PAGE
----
What are KPIs in Projects and how to identify them

Do you know which KPIs are best suited for your projects? More and more leaders are looking for metrics, tools and strategies to help manage their projects. The good manager today is, without a doubt, one who manages to measure the factors of the projects he manages well – mainly the critical factors.

The expectation of any board with its managers is that the projects not only happen, but that they are executed in a healthy and planned way. The manager’s role, therefore, includes measuring his projects to deliver maximum results with minimum effort and cost.

There are several design tools and metrics. An essential for every good manager are KPIs, metrics focused on the most critical issues of a project. What’s up? Are you interested in finding out more? So continue reading people and know everything!

What are KPIs

KPIs are performance analysis metrics to indicate critical factors related to any project in a company. It is important to understand the difference: every KPI is a metric, but not every metric is a KPI. In English, “Key Performance Indicators” are “key performance indicators”: while the metrics observe a behavior over a long period of time, a KPI focuses on critical issues that directly influence the project’s outcome.

Every project has critical issues that, without proper attention and metrics, can frustrate the planned result. Through the use of KPIs, the manager can identify where communication noise, production delays, delivery failures, etc. are occurring. and, from there, make assertive decisions towards possible solutions.

5 characteristics of every KPI

The performance indicators (KPIs) that you choose for your project must, necessarily, have some characteristics so that they really serve as the necessary metric. In this post you will see how to choose the most suitable for your reality, but regardless, every KPI should be:

  1. Measurable: a KPI is only valid when it is possible to analyze its data and factors and offer the leader and team a measured information on the subject in question (be it cost analysis, productivity, time invested, etc.);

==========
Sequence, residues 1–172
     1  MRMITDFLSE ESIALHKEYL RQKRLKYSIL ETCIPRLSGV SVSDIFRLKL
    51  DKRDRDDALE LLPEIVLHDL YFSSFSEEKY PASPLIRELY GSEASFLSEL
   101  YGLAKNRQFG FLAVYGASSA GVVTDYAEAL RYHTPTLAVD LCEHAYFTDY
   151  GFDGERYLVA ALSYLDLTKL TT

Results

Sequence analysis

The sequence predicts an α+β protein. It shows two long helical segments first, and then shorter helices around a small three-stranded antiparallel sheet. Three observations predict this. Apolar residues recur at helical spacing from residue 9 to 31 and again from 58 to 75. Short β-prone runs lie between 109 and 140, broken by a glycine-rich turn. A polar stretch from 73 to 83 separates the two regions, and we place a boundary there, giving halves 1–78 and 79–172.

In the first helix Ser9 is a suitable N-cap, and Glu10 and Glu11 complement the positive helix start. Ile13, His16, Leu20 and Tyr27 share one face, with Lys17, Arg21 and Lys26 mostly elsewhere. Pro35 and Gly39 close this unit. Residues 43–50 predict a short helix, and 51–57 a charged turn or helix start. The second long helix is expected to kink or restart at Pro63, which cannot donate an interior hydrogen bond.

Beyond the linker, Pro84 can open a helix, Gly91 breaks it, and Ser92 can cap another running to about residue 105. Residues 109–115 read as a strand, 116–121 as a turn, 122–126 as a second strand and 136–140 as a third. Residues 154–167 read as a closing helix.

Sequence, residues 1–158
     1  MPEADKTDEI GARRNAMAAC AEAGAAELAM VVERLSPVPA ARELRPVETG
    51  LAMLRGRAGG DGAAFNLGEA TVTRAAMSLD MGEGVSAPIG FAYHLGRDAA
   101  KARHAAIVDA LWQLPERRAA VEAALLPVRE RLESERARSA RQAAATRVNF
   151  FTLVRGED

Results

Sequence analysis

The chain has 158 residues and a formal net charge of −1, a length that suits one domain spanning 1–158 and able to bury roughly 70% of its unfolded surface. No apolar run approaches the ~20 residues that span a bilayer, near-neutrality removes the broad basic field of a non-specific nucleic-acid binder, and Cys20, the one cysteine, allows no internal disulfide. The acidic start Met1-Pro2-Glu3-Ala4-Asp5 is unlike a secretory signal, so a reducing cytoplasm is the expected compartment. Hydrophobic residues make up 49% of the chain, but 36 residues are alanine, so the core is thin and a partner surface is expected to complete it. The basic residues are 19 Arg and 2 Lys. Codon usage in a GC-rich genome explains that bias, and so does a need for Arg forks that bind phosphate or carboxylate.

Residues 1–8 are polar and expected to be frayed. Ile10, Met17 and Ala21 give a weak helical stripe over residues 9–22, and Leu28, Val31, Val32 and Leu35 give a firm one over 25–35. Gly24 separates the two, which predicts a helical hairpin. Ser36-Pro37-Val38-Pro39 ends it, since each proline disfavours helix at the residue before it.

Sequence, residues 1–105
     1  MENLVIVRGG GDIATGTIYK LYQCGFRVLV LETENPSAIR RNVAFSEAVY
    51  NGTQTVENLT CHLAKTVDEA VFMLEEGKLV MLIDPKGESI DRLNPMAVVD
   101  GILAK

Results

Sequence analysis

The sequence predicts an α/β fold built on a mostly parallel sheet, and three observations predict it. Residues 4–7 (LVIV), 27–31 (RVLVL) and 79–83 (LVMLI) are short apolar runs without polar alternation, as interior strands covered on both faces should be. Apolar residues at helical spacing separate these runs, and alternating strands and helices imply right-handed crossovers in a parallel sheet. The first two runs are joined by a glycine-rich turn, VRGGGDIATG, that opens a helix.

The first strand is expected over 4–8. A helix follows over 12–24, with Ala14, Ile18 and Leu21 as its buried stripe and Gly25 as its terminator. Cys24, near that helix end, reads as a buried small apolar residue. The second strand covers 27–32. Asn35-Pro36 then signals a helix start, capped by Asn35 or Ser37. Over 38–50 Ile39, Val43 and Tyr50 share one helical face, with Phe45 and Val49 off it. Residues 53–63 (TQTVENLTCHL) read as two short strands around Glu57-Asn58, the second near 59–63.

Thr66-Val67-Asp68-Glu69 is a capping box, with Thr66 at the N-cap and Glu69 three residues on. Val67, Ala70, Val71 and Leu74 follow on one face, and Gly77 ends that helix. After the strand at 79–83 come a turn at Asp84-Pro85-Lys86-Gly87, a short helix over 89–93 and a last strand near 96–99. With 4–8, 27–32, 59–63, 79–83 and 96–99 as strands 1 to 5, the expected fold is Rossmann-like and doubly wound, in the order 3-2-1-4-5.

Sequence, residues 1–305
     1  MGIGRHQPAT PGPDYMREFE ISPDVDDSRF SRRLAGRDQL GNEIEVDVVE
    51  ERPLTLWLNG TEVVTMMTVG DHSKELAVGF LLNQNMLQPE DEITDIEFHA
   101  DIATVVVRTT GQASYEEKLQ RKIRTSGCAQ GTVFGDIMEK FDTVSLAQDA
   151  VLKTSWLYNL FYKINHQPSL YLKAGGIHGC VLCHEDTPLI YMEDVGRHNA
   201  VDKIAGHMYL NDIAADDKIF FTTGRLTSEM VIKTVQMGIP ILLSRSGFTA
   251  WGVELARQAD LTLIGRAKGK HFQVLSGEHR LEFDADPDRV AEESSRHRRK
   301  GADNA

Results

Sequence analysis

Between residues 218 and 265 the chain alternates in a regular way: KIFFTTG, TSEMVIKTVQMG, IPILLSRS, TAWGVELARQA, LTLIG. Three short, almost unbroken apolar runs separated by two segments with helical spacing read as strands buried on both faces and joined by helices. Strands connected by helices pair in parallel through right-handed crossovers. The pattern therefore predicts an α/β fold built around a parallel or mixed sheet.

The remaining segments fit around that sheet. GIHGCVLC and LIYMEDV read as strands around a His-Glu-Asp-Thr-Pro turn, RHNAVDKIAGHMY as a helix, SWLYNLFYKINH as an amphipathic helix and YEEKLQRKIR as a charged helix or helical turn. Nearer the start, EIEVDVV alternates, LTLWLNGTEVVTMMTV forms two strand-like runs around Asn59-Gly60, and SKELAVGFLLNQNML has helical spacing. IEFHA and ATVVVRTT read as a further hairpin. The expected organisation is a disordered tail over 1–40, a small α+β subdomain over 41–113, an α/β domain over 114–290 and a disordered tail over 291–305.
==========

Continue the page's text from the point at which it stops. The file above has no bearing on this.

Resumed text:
2. Attainable: a KPI for indicating and measuring deadlines, for example, must, as well as any goal, be attainable – and not built based on an idealistic reality that is not consistent with the team’s daily life;
  3. Understandable: a KPI, a metric or any other indicator is only useful if those involved can understand the data indicated. Remember: an indicator can be complex, but never complicated. Clarity is critical to the effectiveness of a KPI;
  4. Temporal: a KPI that does not consider a specific time is neither a KPI nor an effective metric. It is necessary to define in what time and context the metric will be applied;
  5. Realistic: a KPI must be realistic to the point where the manager can openly present to the team which points were taken into account to support the indicator. For this, the indicator must be used in a realistic way to all contexts involved in the project.

What can I metrify with a KPI?

By applying a KPI to your project, you can measure critical situations such as costs, deadlines, productivity, etc. There are infinite KPIs and not all are suitable for every type of project, but some are indispensable for every manager to be able to measure their results. Among the most used KPIs, let’s talk about three that can bring immediate benefits to managers and teams who put it into practice! Check out:

KPI to measure effort deviation

The project schedule includes, necessarily, a planning of how much effort will be spent for a given delivery. This planning can be in hours, days or months, depending on the size of the demand, and also in sprint, in the case of agile project methodologies .